In May of 1973, she was redeployed to the Western Pacific, being a picket in the Gulf of Tonkin. She then participated in an ANZUK-US exercise, before returning to the Gulf of Tonkin.
In October 1974, she would again deploy to the Western Pacific, escorting the carriers USS Midway and USS Enterprise. After participating in an exercise with the JMSDF, she would participate in Operations Eagle Pull and Frequent Wind, the evacuations of Phnom Penh, Cambodia, and Saigon, South Vietnam.

After two more deployments in the Western Pacific, she would be decommissioned on December 15th, 1982. Striken from the Naval Vessel Register on the 30th of November, 1985, and she would be sunk as a target ship in January, 2001.

Sister ship, and lead ship of the class, USS Forrest Sherman (DD-931), 1956. John Paul Jones would have a very similar, if not identical, configuration to Forrest Sherman in this picture.

3D Model

3D model of a Forrest Sherman-class destroyer in their 1950s configuration. Visible are the twin fixed 21" torpedo tubes just aft of the superstructure, angled at 30 degrees.

As commissioned in 1956.

General Information
Displacement 4,050 tons
Length 418ft (127.4m)
Beam 45ft (14m)
Draft 122ft (6.7m)
Speed 33 knots (61 km/h)
Complement 333 officers and enlisted
AN/SPS-6 Air/Surface Search and Ranging
AN/SPG-35 Target Tracking for Mk 56
Mk 56 Fire Control
AN/SQS-4 Sonar
Weapon Turret/Mount
3 × 5"(127mm)/54 Mk 18 Mk 52
4 × 3"(76mm)/50 Mk 22 2 x Mk 33 Twin
4 x 21" (533mm) Mk 35 Acoustic Homing Torpedo 2 x Static Twin
48 x Hedgehog 2 x Mk 10/11 Projectors (24/Projector)
? x Mk 14 Depth Charge 1 Depth Charge Rack at Stern

As part of the last class of all-gun destroyers commissioned into the US Navy, I think John Paul Jones deserves a spot in the tree. I think it would play like USS Mitscher but just generally better due to having another gun, allowing greater weight of fire. However, unlike Mitscher’s sister, USS Wilkinson, John Paul Jones does not get the 3" Mk 70 guns, so it may be lacking in total fire in that regard. The Mk 35 torpedoes as well are pretty good. But, unfortunately, they aren’t modeled as acoustic homing just yet. I hope someday they will be modeled as their proper acoustic homing so that they will be more effective and easier to use.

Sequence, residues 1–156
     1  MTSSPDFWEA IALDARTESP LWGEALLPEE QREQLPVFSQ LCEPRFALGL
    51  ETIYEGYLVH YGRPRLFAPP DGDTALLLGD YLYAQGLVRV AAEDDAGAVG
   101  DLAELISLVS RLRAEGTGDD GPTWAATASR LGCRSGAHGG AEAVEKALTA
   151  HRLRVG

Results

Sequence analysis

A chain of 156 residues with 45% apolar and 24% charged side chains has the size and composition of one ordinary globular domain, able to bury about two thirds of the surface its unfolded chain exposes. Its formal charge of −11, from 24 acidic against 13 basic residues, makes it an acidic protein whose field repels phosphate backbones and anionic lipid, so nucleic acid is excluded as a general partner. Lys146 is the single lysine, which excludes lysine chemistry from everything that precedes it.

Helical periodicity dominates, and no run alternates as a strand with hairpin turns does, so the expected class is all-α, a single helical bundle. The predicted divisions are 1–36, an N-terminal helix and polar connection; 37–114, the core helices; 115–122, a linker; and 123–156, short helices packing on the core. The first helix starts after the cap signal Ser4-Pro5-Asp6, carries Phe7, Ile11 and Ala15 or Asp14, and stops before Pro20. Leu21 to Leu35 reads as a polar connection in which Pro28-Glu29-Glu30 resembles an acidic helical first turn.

I had originally intended to submit USS Turner Joy, since she was the last all-gun destroyer commissioned into the USN, unlike John Paul Jones just being one of the last. Unfortunately, after doing some research into it, Turner Joy was not equipped with the twin 21" torpedo tubes, as by the time she was commissioned, 1959, these torpedoes had generally been replaced by the 12.75" torpedoes. And I think that to maintain effectiveness, the fixed, longer range, torpedoes would be better on a ship in game. Maybe I will make a suggestion for Turner Joy some other day.

All in all, I hope that a pre-DDG Forrest Sherman is added to the game someday. It’ll be a really nice closing for destroyers before ships like the Charles F. Adams-class or the Farragut-class ships, or even one of the other Forrest Shermans converted into DDGs, like USS Decatur.

USS John Paul Jones’s emblem, as it appeared in 1956. The yellowed background was originally white.


Wikipedia - USS John Paul Jones (DD-932)
Wikipedia - Forrest Sherman-class destroyer - John Paul Jones I (DD-932)
navsource - USS John Paul Jones
navsource - USS Forrest Sherman
naval-encyclopedia - Forrest Sherman-class
navweaps - ASW Equipment of the USN
Eugene Lee Slover USN Pages - Depth Charges